Aconitum toxicity

Revision as of 03:46, 17 May 2019 by Rossdonaldson1 (talk | contribs) (Clinical Features)


A map of the distribution of Aconitum across the United States

Aconitum spp is a genus of over 250 flowering plants including Monkshood, Wolf's bane, Aconite, Leopard's bane, mousebane, blue rocket, and queen of poisons. In the United States, most poisonous flower ingestions are accidental ingestions by children and account for roughly 2% of all toxic exposures; aconitum is not a commonly ingested flower in the United States, though is responsible for significant morbidity and mortality worldwide. Traditionally, most cases of adult ingestion of toxic flowers that lead to significant symptoms are suicidal attempts. A recent increase in aconitum poisoning has been reported secondary to an increase in available herbal medications utilizing the plant. All parts of Aconitum are toxic, with the roots being most toxic. Toxicity is due to Aconite alkaloids bind to open voltage-gated sodium channels, producing a hyperpolarized state, with permanent activation of the channels. Most herbal preparations undergo decoction process where plant is boiled to hydrolize alkaloids.

Clinical Features

  • Estimated lethal dose of wild plant is 1g
  • Symptom onset typically between 3 minutes and 6 hours after ingestion with gradual progression of severity
  • Nonspecific GI symptoms
  • Neurotoxicity toxicity
  • Cardiotoxicity
    • May present with chest pain, palpitations, and syncope
    • Hypotension
    • Bradycardia
    • Most common cause of mortality are arrhythmias which include heart block, ectopic beats, supraventricular tachycardia, bundle branch block, junctional escape rhythms, ventricular tachycardia, bifascicular ventricular tachycardia, polymorphic ventricular tachycardia, torsades de pointes, ventricular fibrillation, and asystole
    • Cardiotoxic effects are often persistent and recurrent due to delayed clearance of toxic alkaloids
  • Respiratory toxicity
    • Respiratory muscle paralysis often necessitates intubation or leads to death

Differential Diagnosis

Veratrum Viridae (False Hellebore) has a similar toxic profile as aconitum
Zigadenus glaberrimus (Sandbog Death Camas) has a similar toxic profile as aconitum
Delphinium (Larkspur) has a similar toxic profile as aconitum
Digitalis (Foxglove) is the natural predecessor of the cardiac glycoside digoxin which can also mimic aconitum toxicity
  • Accidental Ingestion vs Suicidal attempt
  • Aconitum Poisoning
  • Other toxic plant ingestion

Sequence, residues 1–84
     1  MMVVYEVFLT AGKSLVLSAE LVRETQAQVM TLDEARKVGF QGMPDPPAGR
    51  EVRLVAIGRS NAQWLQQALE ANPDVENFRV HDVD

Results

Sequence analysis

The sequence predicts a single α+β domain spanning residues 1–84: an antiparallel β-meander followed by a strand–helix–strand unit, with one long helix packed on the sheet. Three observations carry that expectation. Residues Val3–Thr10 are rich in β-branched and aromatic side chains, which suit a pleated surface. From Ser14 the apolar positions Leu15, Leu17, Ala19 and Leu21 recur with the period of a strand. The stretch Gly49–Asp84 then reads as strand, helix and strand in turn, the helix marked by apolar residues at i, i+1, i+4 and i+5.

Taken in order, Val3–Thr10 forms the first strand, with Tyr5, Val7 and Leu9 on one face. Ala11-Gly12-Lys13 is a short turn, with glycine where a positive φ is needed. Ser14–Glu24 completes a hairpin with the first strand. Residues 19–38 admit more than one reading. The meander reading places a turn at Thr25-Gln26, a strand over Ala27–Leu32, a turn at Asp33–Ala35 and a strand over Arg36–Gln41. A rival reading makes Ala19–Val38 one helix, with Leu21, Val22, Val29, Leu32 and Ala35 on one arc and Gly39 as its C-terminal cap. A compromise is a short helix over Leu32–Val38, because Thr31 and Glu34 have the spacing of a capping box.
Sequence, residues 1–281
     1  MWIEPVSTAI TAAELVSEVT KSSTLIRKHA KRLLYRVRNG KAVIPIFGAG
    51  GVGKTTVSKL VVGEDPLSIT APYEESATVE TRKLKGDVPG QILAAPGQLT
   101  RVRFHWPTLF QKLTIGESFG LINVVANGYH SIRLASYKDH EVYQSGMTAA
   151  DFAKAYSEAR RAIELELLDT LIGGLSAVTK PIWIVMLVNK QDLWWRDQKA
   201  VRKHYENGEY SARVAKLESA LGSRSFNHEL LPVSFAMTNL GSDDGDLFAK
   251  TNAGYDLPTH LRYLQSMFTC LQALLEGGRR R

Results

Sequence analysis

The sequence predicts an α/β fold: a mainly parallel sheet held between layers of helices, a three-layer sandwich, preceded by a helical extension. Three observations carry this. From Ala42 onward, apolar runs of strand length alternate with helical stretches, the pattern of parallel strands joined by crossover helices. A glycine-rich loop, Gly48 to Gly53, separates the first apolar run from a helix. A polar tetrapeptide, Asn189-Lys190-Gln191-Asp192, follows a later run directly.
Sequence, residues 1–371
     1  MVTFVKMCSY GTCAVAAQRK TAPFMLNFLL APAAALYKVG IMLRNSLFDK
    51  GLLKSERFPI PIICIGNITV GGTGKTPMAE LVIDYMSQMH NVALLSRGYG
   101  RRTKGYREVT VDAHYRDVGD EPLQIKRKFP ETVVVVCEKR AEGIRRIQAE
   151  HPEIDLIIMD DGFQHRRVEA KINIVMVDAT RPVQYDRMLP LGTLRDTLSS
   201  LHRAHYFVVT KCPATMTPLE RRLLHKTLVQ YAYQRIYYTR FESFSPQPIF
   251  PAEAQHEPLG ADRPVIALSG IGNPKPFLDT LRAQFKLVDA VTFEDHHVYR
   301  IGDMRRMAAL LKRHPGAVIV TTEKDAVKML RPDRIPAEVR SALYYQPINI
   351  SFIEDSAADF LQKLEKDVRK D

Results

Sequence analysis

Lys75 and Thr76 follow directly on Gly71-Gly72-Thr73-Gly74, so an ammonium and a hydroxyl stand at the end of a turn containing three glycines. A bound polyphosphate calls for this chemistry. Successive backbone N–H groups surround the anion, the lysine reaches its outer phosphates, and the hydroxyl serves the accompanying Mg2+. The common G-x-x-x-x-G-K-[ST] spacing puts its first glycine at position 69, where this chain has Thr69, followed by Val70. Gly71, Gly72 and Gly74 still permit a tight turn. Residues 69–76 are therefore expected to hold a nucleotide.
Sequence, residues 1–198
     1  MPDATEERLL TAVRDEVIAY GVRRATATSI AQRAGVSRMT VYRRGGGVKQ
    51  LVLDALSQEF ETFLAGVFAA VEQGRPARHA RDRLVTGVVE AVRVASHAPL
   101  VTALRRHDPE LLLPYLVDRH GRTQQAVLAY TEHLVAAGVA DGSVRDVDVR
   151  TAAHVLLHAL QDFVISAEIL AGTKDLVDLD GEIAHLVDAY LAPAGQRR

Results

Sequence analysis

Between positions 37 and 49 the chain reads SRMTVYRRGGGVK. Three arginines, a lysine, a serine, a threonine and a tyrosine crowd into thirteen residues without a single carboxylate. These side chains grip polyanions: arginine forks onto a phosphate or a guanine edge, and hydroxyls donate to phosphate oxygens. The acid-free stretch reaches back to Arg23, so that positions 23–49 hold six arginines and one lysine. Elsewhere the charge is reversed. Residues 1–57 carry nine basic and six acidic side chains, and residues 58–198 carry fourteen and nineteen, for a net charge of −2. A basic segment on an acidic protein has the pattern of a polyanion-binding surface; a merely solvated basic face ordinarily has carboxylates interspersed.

• Including plants with similar symptoms and management such as Veratrum spp (American hellebore), Zigadenus spp (Death Camas), and Delphinium spp (Larkspur) the former two of which are often mistakenly ingested due to their similarity to non-toxic, edible plants
  • Non-toxic plant ingestion
  • Cardiac Glycoside Ingestion
    • Including both pharmaceuticals and digitalis (Foxglove), which is similar in appearance to Aconitum



  • GI Symptoms
    • Administration of activated charcoal (0.5-1.0 gm/kg up to 50g) within 1 hour
      • No prospective studies so recommendations are case dependent
      • Avoid in patients actively vomiting or with altered mental status
    • Gastric lavage
      • Typically not recommended in most toxic ingestions due to risk of aspiration but applicable in plant ingestions because of large volume of organic material ingested
    • Osmotic laxatives
    • If in austere environment with limited resources and delayed extraction time:
      • 0.5 ounces (15mL) Syrup of Ipecac orally with 500mL of water
      • Manual induction of vomiting
  • Respiratory Failure
    • May require intubation and mechanical ventilation
  • Suicidal Ideation
    • Obtain detailed history as to why plant was ingested
    • If suicidal ideation is suspected, consider psychiatric referral


  • All patients suspected of aconitum ingestion should be admitted for 48 hours regardless of symptom presence due to sudden onset of severe symptoms


  1. Graeme, Kimberlie A. "Ch. 65 Toxic Plant Ingestions." In Auerbach, Paul S.; Cushing, Tracy A.; Harris, N. Stuart. Auerbach's Wilderness Medicine (7th ed.).Philadelphia: Elsevier, Inc.
  2. "Poisoning." Forgey, William W. Wilderness Medicine Beyond First Aid (5th ed.). Guilford, Connecticut: The Globe Pequot Press.
  3. Adami, Francesco; Paganussi, Peter; Perone, Giovanna; Bera, Paola; Braga, Giosue; Concoreggi, Carlo. Recurrent Ventricular Arrhythmia Caused by Ingestion of Aconitum (Monkshood) Flowers. Wilderness & Environmental Medicine (2018); 29(4): 411-416.
  4. Chisholm, Hugh, ed. (1911). "Aconite" . Encyclopædia Britannica. 1 (11th ed.). Cambridge University Press. pp. 151–152
  5. USDA National Resources Conservation Services. Plant Profile Aconitum L. Monkshood Accessed 4/26/2019.